January 9, 2009
The Ski Pole Belay
Over the years I've learned a few tricks and tips that can make life a little easier in the backcountry. I've been doing some of these so long they seem obvious to me, but they may be a secret to you, so I thought I'd share a few. Here's one I call the "Ski Pole Belay". No, it's not an attempt to arrest a fall with your ski pole, but rather a way to belay yourself in dicey situations by jamming your ski pole into the snow and stepping on it.
Here's the typical setup: you're skinning up hardpack or crust without ski crampons, and the angle is steadily climbing. Suddenly, you realize that your skins/edges are about to break loose and send you whooshing down the hill in one of those unforgettable "death slide" moments. What do you do?
Try the Ski Pole Belay. First, plant your pole slightly downhill of your downhill ski, but angle the pole outward, as if you're trying to get it perpendicular to the angle of the snow. Next, step/slide your downhill ski slightly downward, and actually step directly on the basket of your ski pole, pinning the pole into the snow.
If all goes well, you've just created a stable platform to stand on, which will either allow you to get out of your skis and backtrack to safer ground, or even advance ahead by repeating the motion until the angle or snow eases enough to let you skin again.
The Ski Pole Belay is not only useful on ascent. Sometimes while skiing, you'll encounter the going-down version of the same problem: harder, steeper snow than you expected, which suddenly becomes a threat. Use the Ski Pole Belay to sidestep/down climb to a safer position, as I did when bypassing an ice bulge in North Peak's North Couloir.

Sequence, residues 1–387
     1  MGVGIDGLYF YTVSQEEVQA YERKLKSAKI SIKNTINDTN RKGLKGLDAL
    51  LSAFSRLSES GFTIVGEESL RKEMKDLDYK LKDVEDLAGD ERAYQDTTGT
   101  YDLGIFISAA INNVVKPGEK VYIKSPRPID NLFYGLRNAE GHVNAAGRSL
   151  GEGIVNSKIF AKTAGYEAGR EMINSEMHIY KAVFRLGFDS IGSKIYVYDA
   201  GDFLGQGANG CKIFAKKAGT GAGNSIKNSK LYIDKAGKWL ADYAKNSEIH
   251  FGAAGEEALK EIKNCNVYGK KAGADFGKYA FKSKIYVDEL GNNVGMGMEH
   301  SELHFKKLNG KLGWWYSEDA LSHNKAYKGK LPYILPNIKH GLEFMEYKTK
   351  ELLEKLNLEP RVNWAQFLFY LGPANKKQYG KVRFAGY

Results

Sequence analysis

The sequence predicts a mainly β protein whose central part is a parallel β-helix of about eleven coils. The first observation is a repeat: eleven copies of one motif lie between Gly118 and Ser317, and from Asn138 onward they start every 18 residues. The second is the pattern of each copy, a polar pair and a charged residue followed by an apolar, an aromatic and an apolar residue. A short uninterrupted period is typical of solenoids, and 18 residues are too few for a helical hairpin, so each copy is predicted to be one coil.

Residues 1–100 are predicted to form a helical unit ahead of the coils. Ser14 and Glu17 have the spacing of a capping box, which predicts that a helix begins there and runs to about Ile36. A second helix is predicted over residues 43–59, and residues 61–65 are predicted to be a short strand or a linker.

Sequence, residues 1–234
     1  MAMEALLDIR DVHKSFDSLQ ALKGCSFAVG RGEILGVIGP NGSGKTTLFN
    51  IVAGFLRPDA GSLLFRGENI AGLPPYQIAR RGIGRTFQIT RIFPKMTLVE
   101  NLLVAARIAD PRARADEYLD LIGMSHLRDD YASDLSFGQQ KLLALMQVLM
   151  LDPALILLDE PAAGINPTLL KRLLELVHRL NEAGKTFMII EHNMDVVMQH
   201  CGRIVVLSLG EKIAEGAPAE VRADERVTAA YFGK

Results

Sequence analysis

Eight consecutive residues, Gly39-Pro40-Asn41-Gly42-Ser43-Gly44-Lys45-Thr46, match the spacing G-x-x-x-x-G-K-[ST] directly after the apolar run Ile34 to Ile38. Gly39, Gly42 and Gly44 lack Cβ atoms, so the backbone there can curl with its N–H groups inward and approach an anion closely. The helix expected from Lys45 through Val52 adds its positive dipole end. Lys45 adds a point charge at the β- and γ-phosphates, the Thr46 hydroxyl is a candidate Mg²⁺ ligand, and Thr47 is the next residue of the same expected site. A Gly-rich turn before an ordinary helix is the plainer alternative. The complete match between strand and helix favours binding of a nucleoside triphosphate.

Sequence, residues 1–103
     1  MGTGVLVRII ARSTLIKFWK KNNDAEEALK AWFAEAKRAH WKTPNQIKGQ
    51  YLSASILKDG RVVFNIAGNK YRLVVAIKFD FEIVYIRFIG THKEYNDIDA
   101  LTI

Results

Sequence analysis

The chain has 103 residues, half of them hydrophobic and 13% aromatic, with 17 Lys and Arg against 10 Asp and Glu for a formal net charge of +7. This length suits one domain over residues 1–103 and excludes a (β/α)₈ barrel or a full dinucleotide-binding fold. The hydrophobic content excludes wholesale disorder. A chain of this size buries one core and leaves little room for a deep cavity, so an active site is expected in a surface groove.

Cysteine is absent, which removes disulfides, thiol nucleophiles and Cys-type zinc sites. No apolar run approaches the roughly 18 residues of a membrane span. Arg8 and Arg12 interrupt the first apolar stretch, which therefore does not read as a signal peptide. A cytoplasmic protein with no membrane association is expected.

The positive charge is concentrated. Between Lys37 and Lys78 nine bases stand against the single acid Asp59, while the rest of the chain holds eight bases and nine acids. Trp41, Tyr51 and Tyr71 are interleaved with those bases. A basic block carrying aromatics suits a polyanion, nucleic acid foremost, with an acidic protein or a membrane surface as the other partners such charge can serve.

Okay, now let's get to the fine print: a lot can go wrong with this technique, with potentially catastrophic consequences. It should be obvious that you're not going to want to do this with any frequency when using carbon fiber ski poles, or cheap/damaged aluminum poles. I ski with series-4 aluminum shafts in the backcountry. Even with these, your ski edges are still harder than your poles, and capable of punching through them.
If you have never done this before, you might not realize that by locking your downhill ski in place, you are risking a nasty over-the-falls type fall if you happen to lose your balance and get your center of gravity too far over (downhill of) your skis. Practice this technique on safe ground first to get a sense of how it works, and always keep your weight toward the hill, rather than out, as we skiers normally do.
Finally, the Ski Pole Belay can and will fail if the snow isn't hard enough. Your ski tip will pop right out, and you're a goner. For all these reasons, the Ski Pole Belay is best used as a stop-gap measure to get you out of a fix, rather than as a means to put yourself into dangerous situations.